Yep, good catch. I should have put in a close up of that, because it’s a really good trick for keeping the pocket consistent. When you have two loops around the same stretch of sidewall, they’ll slide up together and create more whip if you’re not careful. I put in the knots to keep the lower string from sliding all the way up. You just tie the knot in between loops through the sidewall holes.

  3. ehslax12 on March 31, 2010 at 1:32 pm

    long time since ive seen a mccool string job. just curious…did you do those knots in the sidewall to help the pocket retain its shape? really good idea, gotta try something with that soon.

  4. naplax31 on March 30, 2010 at 11:38 am

    srry dude but lately my teammates have been switching to traditional and the past few weeks its been pooring in my area and they dont have a clue how to fix the stringing so i saw this an got frustrated. but your definitely playing at a higher level then use so you know what to do but i still think the head it ugly

  5. Max McCool on March 30, 2010 at 8:15 am

    Mr. Llama,

    Thanks man. I just might take you up on that. I’ll shoot you a PM.


    The first game I played with it in was a rain game. It’s a traditional, so it worked just fine. Nylons don’t stretch out in the rain, not really sure what made you think that. Stay positive, chief.

  6. LaxLlama8 on March 30, 2010 at 7:10 am

    Naplax, who really cares about what the head looks like? I personally have used one, and they are great.

    And this pocket isn’t intended to hold up in rain or mud.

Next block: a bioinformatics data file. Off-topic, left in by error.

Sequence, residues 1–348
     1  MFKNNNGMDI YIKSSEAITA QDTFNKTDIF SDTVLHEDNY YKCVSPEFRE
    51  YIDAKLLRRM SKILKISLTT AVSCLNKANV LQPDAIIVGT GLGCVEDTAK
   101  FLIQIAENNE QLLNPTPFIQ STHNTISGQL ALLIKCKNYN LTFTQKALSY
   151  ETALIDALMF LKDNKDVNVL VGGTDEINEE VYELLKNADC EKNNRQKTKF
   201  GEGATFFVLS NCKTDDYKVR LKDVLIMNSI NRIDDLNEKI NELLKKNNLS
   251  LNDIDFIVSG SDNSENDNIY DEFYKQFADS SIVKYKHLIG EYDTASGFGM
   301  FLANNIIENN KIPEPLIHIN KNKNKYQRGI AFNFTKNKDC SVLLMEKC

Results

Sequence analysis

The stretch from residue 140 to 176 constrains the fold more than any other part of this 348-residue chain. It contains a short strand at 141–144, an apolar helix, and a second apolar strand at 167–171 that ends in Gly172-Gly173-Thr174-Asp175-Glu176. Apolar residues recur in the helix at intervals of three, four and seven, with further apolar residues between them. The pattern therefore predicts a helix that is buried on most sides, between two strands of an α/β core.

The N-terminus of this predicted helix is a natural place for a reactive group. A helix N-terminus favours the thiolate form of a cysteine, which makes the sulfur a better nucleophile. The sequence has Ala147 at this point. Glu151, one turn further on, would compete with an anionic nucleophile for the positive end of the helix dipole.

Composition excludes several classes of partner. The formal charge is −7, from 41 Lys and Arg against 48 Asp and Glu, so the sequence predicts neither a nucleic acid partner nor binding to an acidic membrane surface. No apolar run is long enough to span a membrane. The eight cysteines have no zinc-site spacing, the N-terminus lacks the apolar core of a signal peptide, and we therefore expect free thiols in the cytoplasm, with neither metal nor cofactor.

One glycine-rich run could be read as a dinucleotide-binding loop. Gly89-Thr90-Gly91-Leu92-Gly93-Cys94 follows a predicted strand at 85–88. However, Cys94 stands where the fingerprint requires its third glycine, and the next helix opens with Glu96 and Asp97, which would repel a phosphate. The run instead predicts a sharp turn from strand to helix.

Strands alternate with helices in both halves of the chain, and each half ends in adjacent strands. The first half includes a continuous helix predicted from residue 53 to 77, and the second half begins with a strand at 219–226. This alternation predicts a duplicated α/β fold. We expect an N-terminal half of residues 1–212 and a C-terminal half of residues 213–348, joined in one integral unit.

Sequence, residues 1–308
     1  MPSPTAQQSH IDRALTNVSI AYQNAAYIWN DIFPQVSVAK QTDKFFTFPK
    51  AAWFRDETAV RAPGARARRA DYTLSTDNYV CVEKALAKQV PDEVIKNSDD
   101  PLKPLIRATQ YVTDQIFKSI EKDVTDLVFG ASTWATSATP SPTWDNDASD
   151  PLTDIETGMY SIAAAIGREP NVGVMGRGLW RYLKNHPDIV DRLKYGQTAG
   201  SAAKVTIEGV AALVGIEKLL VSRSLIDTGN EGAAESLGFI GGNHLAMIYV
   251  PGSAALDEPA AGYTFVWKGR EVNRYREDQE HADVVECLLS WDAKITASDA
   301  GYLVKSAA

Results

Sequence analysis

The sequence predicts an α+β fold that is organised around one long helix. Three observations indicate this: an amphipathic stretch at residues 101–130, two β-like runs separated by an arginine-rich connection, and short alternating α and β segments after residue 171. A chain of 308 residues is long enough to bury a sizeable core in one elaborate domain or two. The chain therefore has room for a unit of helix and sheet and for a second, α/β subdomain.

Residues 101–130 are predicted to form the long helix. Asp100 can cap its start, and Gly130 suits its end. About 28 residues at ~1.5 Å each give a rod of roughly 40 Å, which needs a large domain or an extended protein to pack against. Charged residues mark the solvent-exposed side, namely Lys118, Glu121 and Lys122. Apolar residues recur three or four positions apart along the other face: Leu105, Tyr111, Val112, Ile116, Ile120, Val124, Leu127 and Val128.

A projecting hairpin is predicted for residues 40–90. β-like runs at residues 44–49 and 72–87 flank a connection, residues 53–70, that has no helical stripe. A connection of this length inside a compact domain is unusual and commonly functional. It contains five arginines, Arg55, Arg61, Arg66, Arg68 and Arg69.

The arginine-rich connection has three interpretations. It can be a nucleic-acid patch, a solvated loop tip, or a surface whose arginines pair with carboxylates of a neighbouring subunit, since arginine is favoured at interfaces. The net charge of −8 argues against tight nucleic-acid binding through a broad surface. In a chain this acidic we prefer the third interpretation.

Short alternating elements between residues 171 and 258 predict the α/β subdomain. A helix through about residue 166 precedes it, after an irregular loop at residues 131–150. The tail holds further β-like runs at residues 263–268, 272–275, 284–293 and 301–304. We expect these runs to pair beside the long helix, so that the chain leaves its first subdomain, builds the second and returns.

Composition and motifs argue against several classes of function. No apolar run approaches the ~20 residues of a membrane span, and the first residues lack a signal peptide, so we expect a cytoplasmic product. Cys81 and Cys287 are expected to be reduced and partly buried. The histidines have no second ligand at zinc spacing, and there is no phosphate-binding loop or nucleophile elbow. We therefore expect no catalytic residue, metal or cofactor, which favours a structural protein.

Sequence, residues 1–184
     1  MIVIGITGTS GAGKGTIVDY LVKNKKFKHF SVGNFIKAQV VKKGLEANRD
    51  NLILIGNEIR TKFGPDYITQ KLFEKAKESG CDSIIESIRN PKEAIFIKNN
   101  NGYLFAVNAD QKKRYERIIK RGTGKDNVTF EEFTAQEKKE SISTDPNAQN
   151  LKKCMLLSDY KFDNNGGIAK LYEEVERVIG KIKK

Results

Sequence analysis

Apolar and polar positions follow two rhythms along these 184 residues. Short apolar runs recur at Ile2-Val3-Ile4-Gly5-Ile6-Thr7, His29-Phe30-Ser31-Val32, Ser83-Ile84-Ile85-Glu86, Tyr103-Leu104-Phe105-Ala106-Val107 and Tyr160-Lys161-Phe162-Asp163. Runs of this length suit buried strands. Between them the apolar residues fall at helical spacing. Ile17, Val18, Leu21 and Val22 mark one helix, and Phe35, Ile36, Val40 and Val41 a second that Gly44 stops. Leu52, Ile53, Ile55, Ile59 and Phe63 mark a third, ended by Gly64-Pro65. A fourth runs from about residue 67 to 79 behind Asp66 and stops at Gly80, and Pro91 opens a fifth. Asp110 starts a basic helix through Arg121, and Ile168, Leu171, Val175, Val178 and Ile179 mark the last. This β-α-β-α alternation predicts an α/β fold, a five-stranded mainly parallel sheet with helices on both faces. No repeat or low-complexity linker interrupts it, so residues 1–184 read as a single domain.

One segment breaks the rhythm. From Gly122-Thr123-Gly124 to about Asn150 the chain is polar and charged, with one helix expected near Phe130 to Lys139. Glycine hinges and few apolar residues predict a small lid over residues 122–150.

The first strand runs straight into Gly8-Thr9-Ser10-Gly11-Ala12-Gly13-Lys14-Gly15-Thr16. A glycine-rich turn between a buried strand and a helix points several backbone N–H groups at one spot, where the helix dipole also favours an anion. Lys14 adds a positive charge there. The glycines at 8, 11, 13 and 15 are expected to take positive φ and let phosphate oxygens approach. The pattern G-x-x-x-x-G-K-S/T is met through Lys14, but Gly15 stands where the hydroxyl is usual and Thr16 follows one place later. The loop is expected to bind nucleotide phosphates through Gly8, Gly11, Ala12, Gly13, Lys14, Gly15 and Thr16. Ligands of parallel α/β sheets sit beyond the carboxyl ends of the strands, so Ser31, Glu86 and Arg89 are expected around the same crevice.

To McCool- I’m not sure anymore, but store near me had a bucket full of old Shockwaves, my guess is that they still have a few.

    I’ve never traded on TLF before and I don’t intend to, but I mean, you’re Max McCool, I think I can trust you. So if you’d like a few more Shockwaves, hit me up on TLF.

  7. naplax31 on March 30, 2010 at 12:41 am

    one can we talk about what an ugly head tht is. and the stringing doesnt look like it would hold up at all in rain or mud

  8. Max McCool on March 29, 2010 at 3:15 pm

    I asked around on the Forums, someone traded me a Shockwave for a string job. Basically, I lucked out. I broke my last one playing Lax-golf at college. Not the best sport for your scoop’s health.

    And yes, it is illegal. It’s been a while since I’ve gotten checked.

  9. Evanderson on March 29, 2010 at 2:19 pm

    Where does McCool get his Shockwaves? I have been looking to buy this head for so long, but haven’t been able to find them anywhere. Any help would be appreciated.

    The pocket is very nice looking, but looks illegal. If that is what he likes, then so be it. But I like keeping my sticks legal at all times. He is out of school playing adult league, so he may do whatever he chooses to do.

  10. idolfan on March 29, 2010 at 1:16 pm

    whatcha mean Rett?

  11. Rett Thompson on March 29, 2010 at 10:11 am

    See this is what i expected heads to look like after the specs change in 2010. Oh well…moving on.